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"What is now proved was once only imagined." — William Blake


Nov
21
comment Do consciousnesses get “scattered” across the many worlds of the MWI?
@BenCrowell: Yes, I saw that (good) question, but didn't really get the answer.
Nov
21
comment Do consciousnesses get “scattered” across the many worlds of the MWI?
It sounds like what I feared is unavoidable: I need to learn measure theory!
Nov
21
comment Do consciousnesses get “scattered” across the many worlds of the MWI?
Thanks. That helps me focus the question better (see updated question). I understand that all individuals must see the same a priori probability of ending up in a universe where a given event has occurred. What I'm trying to get at is whether any two given pre-event consciousnesses (in the single pre-event universe) end up in the same post event universe, or even in the same kind of post-event universe.
Nov
21
revised Do consciousnesses get “scattered” across the many worlds of the MWI?
Correct confusion about individual universes and classes of universes.
Nov
21
revised Do consciousnesses get “scattered” across the many worlds of the MWI?
Correct confusion about individual universes and classes of universes.
Nov
18
comment Do consciousnesses get “scattered” across the many worlds of the MWI?
@Sophia: I didn't realize I had said that. (Is this about discomfort with MWI? That's not the question at hand.)
Nov
18
comment Do consciousnesses get “scattered” across the many worlds of the MWI?
@Sofia: FWIW, this is what started my train of thought.
Nov
18
comment Do consciousnesses get “scattered” across the many worlds of the MWI?
@Sofia: What does MWI say?
Nov
17
comment Do consciousnesses get “scattered” across the many worlds of the MWI?
@Sofia: (Bear with me.) The same is true for all other individuals (not-mes): only one will correspond to a "consciousness" before the outcome. Clearly there will be a "version" of every other person that will experience "my" outcome along with me. My question is: will all of those versions be the same as the ones that were with me before the outcome?
Nov
17
comment Do consciousnesses get “scattered” across the many worlds of the MWI?
@Sofia: 'Consciousness' may be the wrong word. What I'm trying to get at is this: I will experience some outcome. According to the MWI there are other (new) "mes" that will experience other outcomes. All these "mes" are distinguished by the outcomes they (we?) experience; but only one will be the same as the "me" before the outcome.
Nov
17
comment How many worlds does the world split into in the Many Worlds Interpretation?
I agree that this a different question, and that none of the answers to the linked question address it (in fact none do a great job of addressing that one either). This should be reopened.
Nov
17
answered Meaning of probability in a multiverse/a many-world interpretation?
Nov
17
asked Do consciousnesses get “scattered” across the many worlds of the MWI?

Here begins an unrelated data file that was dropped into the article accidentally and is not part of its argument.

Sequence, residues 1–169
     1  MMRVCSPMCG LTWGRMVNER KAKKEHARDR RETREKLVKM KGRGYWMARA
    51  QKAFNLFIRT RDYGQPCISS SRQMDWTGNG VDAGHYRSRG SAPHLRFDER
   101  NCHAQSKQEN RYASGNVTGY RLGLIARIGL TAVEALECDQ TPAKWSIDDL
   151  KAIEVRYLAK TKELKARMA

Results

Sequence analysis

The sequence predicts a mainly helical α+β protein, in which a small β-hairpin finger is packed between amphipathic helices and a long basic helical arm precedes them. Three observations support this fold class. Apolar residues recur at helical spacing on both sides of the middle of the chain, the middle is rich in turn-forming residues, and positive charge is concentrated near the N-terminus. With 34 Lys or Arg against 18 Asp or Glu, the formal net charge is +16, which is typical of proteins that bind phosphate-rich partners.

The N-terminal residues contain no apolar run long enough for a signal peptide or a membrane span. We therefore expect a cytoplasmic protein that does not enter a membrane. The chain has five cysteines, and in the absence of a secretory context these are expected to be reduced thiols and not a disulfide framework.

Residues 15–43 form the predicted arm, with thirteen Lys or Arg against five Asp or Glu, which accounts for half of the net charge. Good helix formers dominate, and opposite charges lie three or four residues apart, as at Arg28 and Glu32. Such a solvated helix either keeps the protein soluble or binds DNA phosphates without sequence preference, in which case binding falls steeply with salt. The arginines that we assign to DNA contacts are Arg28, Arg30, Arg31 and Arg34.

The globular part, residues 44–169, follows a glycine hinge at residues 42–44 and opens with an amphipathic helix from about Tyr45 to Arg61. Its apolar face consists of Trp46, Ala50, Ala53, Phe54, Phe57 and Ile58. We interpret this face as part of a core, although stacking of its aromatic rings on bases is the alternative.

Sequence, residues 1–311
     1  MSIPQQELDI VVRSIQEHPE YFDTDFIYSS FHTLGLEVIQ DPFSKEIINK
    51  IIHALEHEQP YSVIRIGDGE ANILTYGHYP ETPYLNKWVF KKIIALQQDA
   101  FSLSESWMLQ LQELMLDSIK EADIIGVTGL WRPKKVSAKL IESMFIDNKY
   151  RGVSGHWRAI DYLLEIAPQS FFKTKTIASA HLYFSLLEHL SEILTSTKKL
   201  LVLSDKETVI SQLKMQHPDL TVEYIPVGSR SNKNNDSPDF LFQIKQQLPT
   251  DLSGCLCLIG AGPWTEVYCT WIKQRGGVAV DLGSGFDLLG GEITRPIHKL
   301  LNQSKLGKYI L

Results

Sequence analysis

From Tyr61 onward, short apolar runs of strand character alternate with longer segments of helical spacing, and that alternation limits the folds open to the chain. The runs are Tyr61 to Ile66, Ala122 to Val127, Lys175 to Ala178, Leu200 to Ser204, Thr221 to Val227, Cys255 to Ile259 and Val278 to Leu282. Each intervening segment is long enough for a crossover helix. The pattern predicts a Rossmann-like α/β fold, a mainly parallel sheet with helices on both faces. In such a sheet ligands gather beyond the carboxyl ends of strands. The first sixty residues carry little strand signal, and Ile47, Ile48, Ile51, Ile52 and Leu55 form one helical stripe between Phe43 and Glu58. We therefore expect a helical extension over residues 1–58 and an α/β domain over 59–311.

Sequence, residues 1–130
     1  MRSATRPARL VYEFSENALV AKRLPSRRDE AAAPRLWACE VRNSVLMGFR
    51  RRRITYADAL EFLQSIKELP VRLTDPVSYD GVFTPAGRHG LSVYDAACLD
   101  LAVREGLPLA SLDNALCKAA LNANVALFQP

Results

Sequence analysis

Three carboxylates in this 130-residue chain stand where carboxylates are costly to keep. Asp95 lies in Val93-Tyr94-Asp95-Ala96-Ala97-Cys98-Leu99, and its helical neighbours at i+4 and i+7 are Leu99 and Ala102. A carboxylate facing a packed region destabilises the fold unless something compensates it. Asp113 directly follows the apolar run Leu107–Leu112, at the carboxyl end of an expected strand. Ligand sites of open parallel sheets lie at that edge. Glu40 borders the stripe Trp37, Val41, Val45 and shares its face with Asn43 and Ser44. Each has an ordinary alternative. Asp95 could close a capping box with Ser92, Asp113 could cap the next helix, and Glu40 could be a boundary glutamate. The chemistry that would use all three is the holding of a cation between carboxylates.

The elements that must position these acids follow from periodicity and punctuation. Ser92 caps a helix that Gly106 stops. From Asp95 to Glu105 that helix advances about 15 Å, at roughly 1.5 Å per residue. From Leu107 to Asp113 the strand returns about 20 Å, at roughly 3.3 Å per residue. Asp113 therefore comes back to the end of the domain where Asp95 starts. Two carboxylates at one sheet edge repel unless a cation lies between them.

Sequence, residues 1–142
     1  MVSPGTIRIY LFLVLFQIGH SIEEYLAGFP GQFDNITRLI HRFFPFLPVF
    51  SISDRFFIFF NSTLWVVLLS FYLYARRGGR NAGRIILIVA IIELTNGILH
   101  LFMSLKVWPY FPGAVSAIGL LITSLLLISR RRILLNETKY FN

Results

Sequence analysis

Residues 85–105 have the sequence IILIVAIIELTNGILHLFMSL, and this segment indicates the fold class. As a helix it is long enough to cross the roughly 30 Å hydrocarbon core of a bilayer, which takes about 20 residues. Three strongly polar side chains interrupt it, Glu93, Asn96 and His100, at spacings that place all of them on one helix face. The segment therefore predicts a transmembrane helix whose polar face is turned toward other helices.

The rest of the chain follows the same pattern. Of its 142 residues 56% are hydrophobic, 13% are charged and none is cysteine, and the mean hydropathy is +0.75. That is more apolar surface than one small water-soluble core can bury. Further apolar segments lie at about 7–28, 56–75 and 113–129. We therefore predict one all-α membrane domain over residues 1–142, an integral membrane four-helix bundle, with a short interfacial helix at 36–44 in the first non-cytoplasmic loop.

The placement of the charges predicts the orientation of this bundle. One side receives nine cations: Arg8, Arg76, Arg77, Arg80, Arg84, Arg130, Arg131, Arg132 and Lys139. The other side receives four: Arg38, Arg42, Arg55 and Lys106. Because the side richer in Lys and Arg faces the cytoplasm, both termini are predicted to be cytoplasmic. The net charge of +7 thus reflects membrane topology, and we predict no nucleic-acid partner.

Nov
11
comment How many more galaxies are out there in the Universe (beyond the observable radius)?
"Until we can observe, we don't actually know anything about it?" That represents a fundamental misunderstanding of science and the nature of knowledge. Knowledge is always conjectural and constructed from "guesses, theories, statistics" as as well as beliefs, assumptions and axions. Observation is just another critical ingredient — and one whose significant is itself defined by theories and assumptions. (We're getting off topic here and should switch to chat; but if this really interests, I'm not the best teacher and suggest you take some courses in epistemology and the history of science.)
Nov
11
comment How many more galaxies are out there in the Universe (beyond the observable radius)?
It makes some difference; but the issue is with "no idea". One does not need to observe something (does to even need to have the potential to observe something) to have some pretty sound and robust ideas about it, and about which of those ideas are more or less likely (and about what various observations would tell us about those ideas and the frameworks from which they were built).
Nov
10
comment How many more galaxies are out there in the Universe (beyond the observable radius)?
That there is a non-zero probability that we live in a privileged observational area is true. That we have "absolutely no idea what the universe is actually like outside of what we can observe" is false, regardless of how it is qualified.
Nov
10
comment How many more galaxies are out there in the Universe (beyond the observable radius)?
I don't think you really mean to say "absolutely no idea what the universe is actually like outside of what we can observe". Some pretty basic assumptions about the lawfulness of the universe (assumptions that never seem to be contradicted by any observation) would have to break for the limits of the observable universe to exactly coincide with an abrupt change in what "things are like".
Nov
8
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Nov
7
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Sep
30
awarded  Explainer